Is there a “right to become obese,” along with a “right to develop” along the pre-established lines of the “developed” world? Or is it time to question assumptions, including ethical theories based on “preferences” and economic ones maintaining the fantasy that continuing along on the same path will eventually result in “prosperity” and (hence) well-being for everyone?

  2. This post contains many humanist assumptions such as what is meant by “we” “people” and “moral” and “duty”. I propose that the phrase “Our main reason for working to limit climate change is our moral duty towards those people” is misguided and that global warming is so dire that our main duty now is to reduce the supply of as many humans, and thereby consumption by those humans, as possible in order to preserve what remains of nonhuman life. If there is any value to human life, that too will be better served by a human population reduction.

    All that and not one mention of the effect of capitalism on global warming?

    • I have read through the Technical Summary with considerable interest and appreciate the efforts of John Broome and the other authors of these documents, even though I am also sympathetic to the comment above by John Maher–as Arne Naess once said, “the frontier is long.” I also think Professor Broome is to be congratulated for offering his candid remarks and having some of them incorporated into a more popularized report–how often do the thoughts of philosophers ever make it into more “mainstream” discourse?

      But Maher is right about the assumptions that constrain the work of all the authors of IPCC reports, and I would say that what is needed is not more analysis of the ethics of climate change but rather deep changes in the ontology of “development.” The bottom line of most of the findings of this working group is highly economistic; you find claims like “If economies continue to grow, people who live later in time will on average become better off”–i.e., “possess more commodities”–“than people who live earlier” (p. 37), and “Improvements in wealth, lifestyle, urbanization, and the provision of access to modern energy and adequate housing will drive the increases in building energy demand,” with an implication that the 0.8 billion people currently (and who knows how many more as population continues to grow?) without such access will surely eventually attain it if they keep on the “development” path (p. 60). The controversial information that was suppressed from inclusion in the summary report, starkly illustrated in Fig. TS.5 (p. 18) shows the spiking of emissions generated by the “upper middle income countries” as a result of their manufacture of exports to the high income countries–a clear picture of what increasing the number of “commodities” available for possession is accomplishing. Should the people of these countries be said to have a “right to development”–to keep us all on that path to nowhere– as if that is the primary ethical issue?Of course there is no overt mention of “capitalism” here–the whole discussion takes place within the assumptions of “capitalism.” But, given the “long frontier,” there need to be other philosophers who will raise questions about the entire ontology that capitalism assumes. For instance, what, indeed, is the ontological status of “capital”–or the “cost” of climate mitigation, or of “money” in any of its guisess, other than that of an ontologically subjective symbol that just happens to be collectively accepted by a certain percentage (granted, currently a very high one) of us human primates? How does this compare with the reality of Life on Earth, the many living organisms that currently inhabit the planet that are being squeezed off of it by all our wonderful “development,”, as Maher would draw our attention to?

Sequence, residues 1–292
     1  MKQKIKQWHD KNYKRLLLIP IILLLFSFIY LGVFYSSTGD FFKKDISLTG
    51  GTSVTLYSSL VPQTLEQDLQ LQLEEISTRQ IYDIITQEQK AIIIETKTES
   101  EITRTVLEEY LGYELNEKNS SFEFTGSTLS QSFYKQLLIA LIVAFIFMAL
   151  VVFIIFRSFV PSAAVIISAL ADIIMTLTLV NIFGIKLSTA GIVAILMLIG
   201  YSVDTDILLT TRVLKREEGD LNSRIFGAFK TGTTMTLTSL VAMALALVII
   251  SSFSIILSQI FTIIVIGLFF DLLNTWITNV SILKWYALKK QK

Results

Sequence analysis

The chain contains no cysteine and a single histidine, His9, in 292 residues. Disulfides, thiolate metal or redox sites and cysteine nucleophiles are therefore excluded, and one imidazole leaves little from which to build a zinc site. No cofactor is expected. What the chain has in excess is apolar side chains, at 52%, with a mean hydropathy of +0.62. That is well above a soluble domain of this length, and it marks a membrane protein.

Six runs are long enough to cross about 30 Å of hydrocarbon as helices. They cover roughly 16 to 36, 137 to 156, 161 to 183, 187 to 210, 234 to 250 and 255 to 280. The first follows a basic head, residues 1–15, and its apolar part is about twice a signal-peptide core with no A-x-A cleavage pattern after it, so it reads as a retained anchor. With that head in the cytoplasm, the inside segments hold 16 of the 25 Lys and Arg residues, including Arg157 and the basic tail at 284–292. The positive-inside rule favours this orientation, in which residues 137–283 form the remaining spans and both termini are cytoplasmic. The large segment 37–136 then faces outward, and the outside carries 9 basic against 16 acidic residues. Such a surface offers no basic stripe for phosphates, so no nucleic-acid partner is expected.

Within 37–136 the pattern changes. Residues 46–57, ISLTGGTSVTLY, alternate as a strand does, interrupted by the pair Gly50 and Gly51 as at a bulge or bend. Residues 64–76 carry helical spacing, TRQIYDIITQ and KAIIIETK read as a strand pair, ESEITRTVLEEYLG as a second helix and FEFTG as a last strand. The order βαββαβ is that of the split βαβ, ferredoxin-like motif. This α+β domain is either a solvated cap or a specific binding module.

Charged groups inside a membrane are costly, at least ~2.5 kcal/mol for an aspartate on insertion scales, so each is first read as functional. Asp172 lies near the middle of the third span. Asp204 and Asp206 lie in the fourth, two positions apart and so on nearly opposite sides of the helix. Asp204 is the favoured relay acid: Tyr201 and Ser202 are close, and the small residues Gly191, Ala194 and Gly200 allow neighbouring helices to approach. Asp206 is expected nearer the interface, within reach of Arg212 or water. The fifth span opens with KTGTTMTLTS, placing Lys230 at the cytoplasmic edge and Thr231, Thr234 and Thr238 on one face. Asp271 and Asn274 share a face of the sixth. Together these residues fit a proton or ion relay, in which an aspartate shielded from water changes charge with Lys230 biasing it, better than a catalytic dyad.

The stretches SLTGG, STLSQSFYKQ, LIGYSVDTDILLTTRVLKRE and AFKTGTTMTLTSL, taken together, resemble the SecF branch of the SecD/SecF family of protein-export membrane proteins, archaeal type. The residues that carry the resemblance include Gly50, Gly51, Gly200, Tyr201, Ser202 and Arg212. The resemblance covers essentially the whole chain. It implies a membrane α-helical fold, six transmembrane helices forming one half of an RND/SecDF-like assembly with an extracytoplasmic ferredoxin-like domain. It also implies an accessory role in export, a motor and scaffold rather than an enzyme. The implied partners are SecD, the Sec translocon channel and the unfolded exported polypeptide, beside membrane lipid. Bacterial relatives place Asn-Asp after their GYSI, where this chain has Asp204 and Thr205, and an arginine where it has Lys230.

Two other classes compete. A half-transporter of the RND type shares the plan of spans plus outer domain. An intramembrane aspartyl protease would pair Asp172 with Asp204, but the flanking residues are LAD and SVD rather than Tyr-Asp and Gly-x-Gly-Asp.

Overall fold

It also should be pointed out that, as he notes, there is essentially no ethical or pragmatic concern directed toward stabilizing or reducing our human population in this document, even though there is some discussion of the benefits in emissions reductions that might accrue with “lifestyle, cultural and other behavioral changes”–it is simply blythely accepted that the total human population may grow to 9.3 billion by 2050 (p. 78). And a further, mysterious omission, not even noted by Maher, is the total lack of discussion of the CO2 equivalents emitted in the course of modern warfare, and the preparation for it, by continuing elaboration of the war machine in developed and developing countries alike (though far outstripped, of course, by the former–I have heard claims that the U.S. military is the #1 consumer of fossil fuels, tho I would appreciate some solid references for this). If we humans are going to deal seriously with climate change, we are going to have to place ALL of our ontological assumptions, currently stated and unstated, on the table for drastic re-thinking.